In 2006, Harvard also conducted a Facebook study that went too far
Horrified by the recent news that Facebook likes to play with your emotions? You might have a short memory.
Back in 2006, a group of Harvard researchers did a remarkably poor job handling a treasure trove of longitudinal Facebook data collected from 1,640 students at a mysterious, unidentified college (spoiler alert: It was Harvard's class of 2009).
The researchers had the well wishes from not only Facebook itself at the time, but Harvard’s Institutional Review Board (IRB). The study, Tastes, Ties, and Time: Facebook data release (T3), was initially published on Harvard’s Dataverse Network in 2008 and and pulled in 2010 to “ensure the privacy of students in the dataset.” Um.
From an outline of the research goals:
The dataset comprises machine-readable files of virtually all the information posted on approximately 1,700 FB profiles by an entire cohort of students at an anonymous, northeastern American university.
Profiles were sampled at one-year intervals, beginning in 2006. This first wave covers first-year profiles, and three additional waves of data will be added over time, one for each year of the cohort's college career.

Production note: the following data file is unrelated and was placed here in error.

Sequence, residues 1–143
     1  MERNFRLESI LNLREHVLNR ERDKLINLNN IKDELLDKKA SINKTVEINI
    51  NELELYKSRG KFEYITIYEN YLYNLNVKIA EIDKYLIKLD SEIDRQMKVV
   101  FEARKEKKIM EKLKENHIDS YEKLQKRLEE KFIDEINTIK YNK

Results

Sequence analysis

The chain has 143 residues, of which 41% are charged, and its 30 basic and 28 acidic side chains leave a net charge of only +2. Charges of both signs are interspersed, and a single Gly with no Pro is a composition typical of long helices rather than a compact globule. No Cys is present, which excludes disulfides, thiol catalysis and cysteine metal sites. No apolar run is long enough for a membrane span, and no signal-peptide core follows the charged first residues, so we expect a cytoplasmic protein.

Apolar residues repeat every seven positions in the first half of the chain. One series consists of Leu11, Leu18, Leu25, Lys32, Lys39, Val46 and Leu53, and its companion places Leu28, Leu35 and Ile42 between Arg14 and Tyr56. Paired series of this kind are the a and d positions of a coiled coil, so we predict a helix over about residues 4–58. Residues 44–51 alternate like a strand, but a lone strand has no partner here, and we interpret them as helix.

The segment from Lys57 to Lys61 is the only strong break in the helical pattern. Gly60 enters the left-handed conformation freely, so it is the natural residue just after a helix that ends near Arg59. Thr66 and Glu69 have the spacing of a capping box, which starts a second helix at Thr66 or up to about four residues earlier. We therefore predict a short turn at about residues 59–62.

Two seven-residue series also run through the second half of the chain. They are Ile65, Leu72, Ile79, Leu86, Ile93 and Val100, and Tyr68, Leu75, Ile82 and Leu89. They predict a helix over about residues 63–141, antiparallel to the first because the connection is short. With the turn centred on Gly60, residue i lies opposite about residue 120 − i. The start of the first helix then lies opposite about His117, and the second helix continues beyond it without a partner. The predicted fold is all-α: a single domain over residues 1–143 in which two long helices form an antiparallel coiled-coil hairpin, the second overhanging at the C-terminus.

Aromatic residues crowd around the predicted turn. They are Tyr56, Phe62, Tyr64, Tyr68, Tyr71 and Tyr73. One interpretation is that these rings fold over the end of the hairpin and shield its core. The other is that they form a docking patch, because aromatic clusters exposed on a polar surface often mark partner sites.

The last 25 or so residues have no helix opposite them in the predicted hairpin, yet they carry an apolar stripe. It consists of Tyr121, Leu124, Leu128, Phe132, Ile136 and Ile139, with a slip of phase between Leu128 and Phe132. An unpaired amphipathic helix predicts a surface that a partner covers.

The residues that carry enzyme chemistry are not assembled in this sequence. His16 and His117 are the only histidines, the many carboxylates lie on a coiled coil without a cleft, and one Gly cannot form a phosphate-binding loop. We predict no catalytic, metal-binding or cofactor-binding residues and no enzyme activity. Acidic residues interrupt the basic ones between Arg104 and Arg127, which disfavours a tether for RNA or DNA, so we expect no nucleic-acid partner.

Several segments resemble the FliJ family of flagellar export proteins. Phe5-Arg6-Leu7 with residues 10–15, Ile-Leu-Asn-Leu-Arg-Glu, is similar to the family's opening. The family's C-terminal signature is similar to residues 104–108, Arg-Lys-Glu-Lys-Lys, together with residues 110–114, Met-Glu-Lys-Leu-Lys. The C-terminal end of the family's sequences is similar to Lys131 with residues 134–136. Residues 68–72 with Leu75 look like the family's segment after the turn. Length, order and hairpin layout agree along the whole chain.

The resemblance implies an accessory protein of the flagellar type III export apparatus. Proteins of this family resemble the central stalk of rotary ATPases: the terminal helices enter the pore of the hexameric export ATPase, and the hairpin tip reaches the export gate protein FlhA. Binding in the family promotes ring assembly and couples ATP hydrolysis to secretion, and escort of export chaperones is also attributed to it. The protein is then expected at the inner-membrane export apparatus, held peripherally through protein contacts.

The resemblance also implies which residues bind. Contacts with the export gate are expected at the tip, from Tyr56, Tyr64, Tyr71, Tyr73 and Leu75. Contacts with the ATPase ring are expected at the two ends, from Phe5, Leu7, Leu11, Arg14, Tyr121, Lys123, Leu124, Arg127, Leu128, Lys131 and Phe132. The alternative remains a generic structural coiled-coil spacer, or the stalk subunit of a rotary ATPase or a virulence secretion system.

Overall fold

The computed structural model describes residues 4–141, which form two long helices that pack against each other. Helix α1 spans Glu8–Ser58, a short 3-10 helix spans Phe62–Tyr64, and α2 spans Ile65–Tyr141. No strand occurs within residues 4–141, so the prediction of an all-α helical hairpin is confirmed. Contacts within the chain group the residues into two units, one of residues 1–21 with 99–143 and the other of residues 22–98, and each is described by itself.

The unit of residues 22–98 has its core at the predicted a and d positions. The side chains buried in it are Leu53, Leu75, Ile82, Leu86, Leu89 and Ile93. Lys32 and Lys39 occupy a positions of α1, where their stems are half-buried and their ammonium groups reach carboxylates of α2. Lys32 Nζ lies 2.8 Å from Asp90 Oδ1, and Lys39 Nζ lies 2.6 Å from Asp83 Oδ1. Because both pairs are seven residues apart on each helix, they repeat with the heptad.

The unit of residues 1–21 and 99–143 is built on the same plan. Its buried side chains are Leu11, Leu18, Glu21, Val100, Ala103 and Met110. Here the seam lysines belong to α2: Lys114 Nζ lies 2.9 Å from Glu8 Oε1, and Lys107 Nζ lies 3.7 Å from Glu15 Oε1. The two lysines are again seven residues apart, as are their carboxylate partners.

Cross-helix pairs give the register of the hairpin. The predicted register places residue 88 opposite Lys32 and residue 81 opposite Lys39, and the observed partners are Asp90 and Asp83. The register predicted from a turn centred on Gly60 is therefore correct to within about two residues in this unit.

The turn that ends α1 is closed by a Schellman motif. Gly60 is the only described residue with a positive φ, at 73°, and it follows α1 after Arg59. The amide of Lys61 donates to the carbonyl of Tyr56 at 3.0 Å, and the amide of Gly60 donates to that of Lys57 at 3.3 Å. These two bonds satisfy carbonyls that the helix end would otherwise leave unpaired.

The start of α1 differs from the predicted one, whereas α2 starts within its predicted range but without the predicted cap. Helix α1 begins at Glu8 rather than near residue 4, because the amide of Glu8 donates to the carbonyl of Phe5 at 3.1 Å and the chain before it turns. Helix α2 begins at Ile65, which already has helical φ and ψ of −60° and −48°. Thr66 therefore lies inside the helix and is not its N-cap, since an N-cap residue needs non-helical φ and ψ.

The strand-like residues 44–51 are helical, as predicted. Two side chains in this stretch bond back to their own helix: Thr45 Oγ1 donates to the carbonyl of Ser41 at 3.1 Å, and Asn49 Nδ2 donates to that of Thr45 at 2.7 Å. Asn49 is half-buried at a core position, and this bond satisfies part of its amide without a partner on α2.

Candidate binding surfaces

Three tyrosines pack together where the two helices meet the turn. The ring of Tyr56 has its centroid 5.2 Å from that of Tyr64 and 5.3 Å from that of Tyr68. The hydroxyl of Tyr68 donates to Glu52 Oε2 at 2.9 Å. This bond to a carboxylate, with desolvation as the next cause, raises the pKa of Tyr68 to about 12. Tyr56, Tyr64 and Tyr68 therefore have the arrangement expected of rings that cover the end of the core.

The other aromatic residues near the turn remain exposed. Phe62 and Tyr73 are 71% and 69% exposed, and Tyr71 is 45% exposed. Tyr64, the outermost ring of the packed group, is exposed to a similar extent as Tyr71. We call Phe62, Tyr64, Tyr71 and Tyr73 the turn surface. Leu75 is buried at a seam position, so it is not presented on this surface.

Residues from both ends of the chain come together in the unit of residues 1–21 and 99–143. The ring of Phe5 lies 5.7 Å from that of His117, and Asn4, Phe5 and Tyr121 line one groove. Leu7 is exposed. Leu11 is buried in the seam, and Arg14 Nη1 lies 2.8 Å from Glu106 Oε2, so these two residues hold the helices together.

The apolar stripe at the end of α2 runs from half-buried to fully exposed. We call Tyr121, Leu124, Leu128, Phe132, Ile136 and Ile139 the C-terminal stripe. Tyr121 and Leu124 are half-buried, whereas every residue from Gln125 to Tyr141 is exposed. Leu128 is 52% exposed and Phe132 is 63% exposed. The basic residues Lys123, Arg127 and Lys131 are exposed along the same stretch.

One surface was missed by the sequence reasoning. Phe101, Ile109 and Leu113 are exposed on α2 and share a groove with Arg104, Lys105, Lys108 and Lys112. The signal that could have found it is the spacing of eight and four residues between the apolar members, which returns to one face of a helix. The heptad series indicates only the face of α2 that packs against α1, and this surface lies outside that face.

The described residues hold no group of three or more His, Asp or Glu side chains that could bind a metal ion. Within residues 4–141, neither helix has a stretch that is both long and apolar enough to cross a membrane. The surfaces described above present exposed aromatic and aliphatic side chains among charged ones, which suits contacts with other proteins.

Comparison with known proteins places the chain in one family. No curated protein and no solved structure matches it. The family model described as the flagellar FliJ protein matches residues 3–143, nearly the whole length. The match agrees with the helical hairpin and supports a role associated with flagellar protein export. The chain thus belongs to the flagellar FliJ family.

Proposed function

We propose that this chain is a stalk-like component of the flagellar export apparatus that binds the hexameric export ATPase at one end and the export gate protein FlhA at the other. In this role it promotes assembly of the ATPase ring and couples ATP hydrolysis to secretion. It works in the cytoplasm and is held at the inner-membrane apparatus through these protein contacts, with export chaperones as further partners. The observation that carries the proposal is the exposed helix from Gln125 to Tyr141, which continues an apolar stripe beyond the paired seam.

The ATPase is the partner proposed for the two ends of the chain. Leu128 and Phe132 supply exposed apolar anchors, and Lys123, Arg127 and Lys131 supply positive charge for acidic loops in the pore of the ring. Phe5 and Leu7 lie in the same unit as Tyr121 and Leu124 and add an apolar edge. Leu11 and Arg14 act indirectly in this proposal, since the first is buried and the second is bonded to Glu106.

Though friendships outside the cohort are not part of the data, this snapshot of an entire class over its four years in college, including supplementary information about where students lived on campus, makes it possible to pose diverse questions about the relationships between social networks, online and offline.
According to the Chronicle of Higher Education, everything started falling apart in 2008 when the study caught the attention of Michael Zimmer, an Assistant Professor at the University of Wisconsin at Milwaukee who discovered that the data wasn’t anonymous at all and later published his ethical objections, which are myriad. Among them, the fact that the researchers used student research assistants at Harvard to gain access to non-public profile data, which included “not only the subjects’ self-reported gender and ethnicity, but also their home, state, nation of origin, political views, sexual interests, college major, relational data, and cultural interests.”
While the Harvard study doesn’t share the “mood manipulation” component that unsettled so many Facebook users recently, it’s a good reminder that the ethics of studying social data have always been murky, and the studies themselves borderline (or completely) creepy.
Photo by Taylor Hatmaker